There hasn't been a rush of teams flocking to sign wide receiver Plaxico Burress following the legal developments Monday that could allow him to play a full schedule in 2009. However, three teams have not backed off their interest. Burress' lawyer has been made available to two of those teams, according to Burress' agent, Drew Rosenhaus, who declined to name any of the franchises.
The Tampa Bay Buccaneers reached out to Burress personally earlier this spring. The New York Jets and Chicago Bears are the other teams believed to be interested in the 6-foot-5 wideout, who caught the game-winning touchdown for the New York Giants in Super Bowl XLII, but was released by the team last season after a series of off-field problems.
The crowning blow was Burress accidentally shooting himself in the leg with an unlicensed gun in a New York City nightclub. His arrest on felony gun possession charges led to a team suspension and, eventually, the end of his career with the Giants. A preliminary trial on those charges was adjourned until September and the projected proceedings are expected to push the key trial into 2010 -- after the season.
"We believe the path was cleared for him to play through the year and to sign with a team," Rosenhaus said in an interview with NFL.com Monday afternoon.
Rosenhaus said he thinks that he will be able to find a taker for Burress between now and the start of training camp. A general manager not with one of the three aforementioned teams said he did not think teams that have avoided Burress thus far would alter their approach based on the developments.
An injury or necessity could change that thinking.
Might the wide-receiver-needy Dolphins consider adding Burress, one of the better red zone threats who could also stretch the field because of his size and speed? What about receiver-strapped St. Louis or Baltimore, which wants as much deep-field speed as possible on the field to let quarterback Joe Flacco air out his strong arm from time to time?
Then there are the Vikings, a team seriously in play to take a one-year flyer on quarterback Brett Favre. If they're willing to go for broke this season with Favre, why not Burress, who, packaged with Bernard Berrian and Percy Harvin, might give Minnesota one of the most threatening receiver sets in the league?
The door hardly seems shut for Burress but there are still potential impediments to spur some teams to avoid diving in.
Besides the possible disruption of legal proceedings, Burress's history of drawing fines and being disciplined for in-house infractions could eliminate him from consideration by teams concerned with chemistry. Several of Burress' teammates have vouched for his reliability but others have said he needs to mature and put the team above everything else.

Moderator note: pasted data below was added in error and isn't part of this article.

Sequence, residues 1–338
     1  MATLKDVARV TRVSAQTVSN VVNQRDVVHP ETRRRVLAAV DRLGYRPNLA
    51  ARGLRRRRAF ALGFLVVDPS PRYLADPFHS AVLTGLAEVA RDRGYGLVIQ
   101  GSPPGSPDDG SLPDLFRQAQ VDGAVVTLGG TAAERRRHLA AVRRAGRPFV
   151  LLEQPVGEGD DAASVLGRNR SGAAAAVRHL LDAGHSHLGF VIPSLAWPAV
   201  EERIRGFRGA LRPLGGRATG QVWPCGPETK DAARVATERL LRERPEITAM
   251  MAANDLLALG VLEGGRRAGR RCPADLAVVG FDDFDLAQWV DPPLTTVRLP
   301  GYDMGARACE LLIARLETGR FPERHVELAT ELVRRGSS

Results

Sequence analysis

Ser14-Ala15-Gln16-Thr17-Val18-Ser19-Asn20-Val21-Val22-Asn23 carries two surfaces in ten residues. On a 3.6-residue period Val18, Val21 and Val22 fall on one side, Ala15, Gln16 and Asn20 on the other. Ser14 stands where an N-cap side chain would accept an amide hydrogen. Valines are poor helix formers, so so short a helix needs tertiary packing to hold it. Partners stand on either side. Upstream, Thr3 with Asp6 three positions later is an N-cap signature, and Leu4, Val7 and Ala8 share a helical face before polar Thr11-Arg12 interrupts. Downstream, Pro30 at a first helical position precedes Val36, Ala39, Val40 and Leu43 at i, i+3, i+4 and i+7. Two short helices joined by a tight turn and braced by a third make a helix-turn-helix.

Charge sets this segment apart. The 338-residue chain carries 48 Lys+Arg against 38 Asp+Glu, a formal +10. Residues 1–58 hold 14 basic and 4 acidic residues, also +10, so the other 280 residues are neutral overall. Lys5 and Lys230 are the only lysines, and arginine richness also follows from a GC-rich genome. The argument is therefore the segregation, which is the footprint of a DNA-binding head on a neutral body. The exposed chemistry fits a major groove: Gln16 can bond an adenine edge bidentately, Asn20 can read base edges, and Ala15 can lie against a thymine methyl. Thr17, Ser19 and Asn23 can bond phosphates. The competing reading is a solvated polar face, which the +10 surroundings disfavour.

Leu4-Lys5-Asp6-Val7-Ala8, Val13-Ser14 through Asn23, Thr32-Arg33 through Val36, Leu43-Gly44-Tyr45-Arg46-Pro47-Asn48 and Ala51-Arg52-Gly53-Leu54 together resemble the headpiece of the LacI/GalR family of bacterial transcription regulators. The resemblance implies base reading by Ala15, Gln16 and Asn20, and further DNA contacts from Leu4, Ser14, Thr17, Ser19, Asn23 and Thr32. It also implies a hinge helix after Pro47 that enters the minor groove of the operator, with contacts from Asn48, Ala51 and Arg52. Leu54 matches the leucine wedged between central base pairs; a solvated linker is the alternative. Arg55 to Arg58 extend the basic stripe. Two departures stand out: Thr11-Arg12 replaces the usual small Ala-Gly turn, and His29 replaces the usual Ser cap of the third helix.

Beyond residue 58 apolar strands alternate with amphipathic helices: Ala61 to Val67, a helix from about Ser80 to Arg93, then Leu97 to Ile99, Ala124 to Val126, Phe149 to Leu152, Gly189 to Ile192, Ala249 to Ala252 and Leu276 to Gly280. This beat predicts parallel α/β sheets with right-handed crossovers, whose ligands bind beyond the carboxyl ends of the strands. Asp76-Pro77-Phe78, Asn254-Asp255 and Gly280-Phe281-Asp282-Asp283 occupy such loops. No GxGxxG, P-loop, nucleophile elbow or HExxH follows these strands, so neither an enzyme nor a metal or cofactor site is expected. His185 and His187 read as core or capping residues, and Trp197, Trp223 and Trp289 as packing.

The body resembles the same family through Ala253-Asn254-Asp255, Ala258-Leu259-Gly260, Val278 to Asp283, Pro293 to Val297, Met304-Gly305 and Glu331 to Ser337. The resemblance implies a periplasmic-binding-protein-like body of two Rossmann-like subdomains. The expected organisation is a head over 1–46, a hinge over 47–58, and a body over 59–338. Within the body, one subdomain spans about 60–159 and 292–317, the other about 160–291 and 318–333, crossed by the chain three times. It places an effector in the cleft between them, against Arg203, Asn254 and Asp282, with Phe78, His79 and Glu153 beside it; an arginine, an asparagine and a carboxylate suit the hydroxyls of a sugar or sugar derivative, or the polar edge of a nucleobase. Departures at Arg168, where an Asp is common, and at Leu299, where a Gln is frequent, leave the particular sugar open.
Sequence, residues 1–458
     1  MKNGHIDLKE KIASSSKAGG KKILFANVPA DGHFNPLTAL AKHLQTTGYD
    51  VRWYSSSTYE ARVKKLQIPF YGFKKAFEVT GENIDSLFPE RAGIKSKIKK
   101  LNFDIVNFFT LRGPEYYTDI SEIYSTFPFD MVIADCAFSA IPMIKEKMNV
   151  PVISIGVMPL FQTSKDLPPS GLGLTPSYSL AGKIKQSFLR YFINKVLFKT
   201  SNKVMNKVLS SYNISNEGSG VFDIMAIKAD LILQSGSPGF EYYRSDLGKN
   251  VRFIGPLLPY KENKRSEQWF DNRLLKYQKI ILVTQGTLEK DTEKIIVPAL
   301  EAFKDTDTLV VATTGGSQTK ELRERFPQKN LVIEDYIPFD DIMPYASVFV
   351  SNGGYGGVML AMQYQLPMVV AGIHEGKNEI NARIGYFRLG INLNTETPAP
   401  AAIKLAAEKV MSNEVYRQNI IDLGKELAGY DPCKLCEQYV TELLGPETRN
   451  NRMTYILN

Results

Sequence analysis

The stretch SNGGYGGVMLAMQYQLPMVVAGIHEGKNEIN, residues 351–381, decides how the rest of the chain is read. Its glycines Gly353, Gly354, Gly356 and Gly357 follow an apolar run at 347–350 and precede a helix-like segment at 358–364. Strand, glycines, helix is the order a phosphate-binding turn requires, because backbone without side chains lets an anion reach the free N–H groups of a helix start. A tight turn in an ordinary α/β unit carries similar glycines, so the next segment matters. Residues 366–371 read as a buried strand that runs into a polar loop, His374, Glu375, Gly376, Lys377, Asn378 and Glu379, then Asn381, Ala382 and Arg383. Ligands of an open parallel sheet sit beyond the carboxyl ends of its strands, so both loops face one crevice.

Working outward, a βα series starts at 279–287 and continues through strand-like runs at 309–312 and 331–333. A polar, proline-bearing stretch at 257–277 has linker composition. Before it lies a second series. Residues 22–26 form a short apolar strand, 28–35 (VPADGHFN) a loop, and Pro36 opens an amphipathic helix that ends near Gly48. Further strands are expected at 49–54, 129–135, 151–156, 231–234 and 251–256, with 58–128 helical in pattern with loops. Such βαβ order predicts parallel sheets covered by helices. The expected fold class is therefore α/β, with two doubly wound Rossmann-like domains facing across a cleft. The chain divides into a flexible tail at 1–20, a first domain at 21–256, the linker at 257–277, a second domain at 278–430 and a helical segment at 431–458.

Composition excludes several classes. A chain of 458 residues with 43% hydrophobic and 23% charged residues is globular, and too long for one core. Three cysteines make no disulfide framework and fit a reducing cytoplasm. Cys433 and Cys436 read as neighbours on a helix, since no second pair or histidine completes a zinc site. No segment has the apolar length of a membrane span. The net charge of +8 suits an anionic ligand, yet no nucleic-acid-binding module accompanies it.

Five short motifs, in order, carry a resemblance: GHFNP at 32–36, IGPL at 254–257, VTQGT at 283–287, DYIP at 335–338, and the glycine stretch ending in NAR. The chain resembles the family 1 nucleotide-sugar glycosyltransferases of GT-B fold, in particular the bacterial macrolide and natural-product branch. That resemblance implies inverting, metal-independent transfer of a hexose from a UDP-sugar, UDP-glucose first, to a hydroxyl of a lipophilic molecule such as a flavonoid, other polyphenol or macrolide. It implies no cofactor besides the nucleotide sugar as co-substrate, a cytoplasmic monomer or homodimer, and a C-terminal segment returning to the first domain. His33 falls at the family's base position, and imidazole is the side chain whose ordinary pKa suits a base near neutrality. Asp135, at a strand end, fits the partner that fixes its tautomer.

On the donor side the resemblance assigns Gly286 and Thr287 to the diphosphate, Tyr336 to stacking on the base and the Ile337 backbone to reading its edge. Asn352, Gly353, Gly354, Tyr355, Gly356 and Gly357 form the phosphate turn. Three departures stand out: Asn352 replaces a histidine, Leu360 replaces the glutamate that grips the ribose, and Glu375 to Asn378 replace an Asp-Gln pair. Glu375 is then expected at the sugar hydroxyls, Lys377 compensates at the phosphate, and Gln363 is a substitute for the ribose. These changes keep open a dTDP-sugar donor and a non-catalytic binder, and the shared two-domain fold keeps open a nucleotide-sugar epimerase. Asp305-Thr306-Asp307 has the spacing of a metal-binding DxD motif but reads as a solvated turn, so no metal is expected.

Another pitfall is the possibility of discipline from the league before the judicial process has run its course -- a right exercised by NFL Commissioner Roger Goodell in the past. If Burress reaches a plea deal, Goodell could also act, just as he did when he suspended quarterback Michael Vick indefinitely shortly after Vick reached a plea on federal dogfighting charges in 2007.
"We reserve the right to make a decision at the appropriate time," league spokesman Greg Aiello said, declining further comment.
Said Rosenhaus: "We don't anticipate a suspension. There has been no adjudication with the case and he has no previous violations of the personal conduct policy. I don't believe a suspension is warranted."
While the policy is intended to target mostly repeat offenders, the NFL's personal conduct policy makes it clear that any involvement with gun-related activity could prompt league discipline.
Per the conduct policy, a player is subject to discipline if there is the: "Possession of a gun or other weapon in any workplace setting, including but not limited to stadiums, team facilities, training camp, locker rooms, team planes, buses, parking lots, etc...or unlawful possession of a weapon outside of the workplace."
All teams know the rule and if they don't, it is listed below the fourth paragraph of the personal conduct policy, so they don't have to look hard to find it. Goodell could have enforced the rule already but hasn't, which could be why Burress' handlers feel a suspension won't precede a hearing.
For a team to sign Burress, it will know it comes with the risk that he could be snatched away at any time. That might not deter some teams, especially if they can draw up a contract that works in their favor if Burress isn't available. Most teams won't even bother, though, leaving Burress with limited options and probably some semblance of regret for triggering the incident that's left things where they are.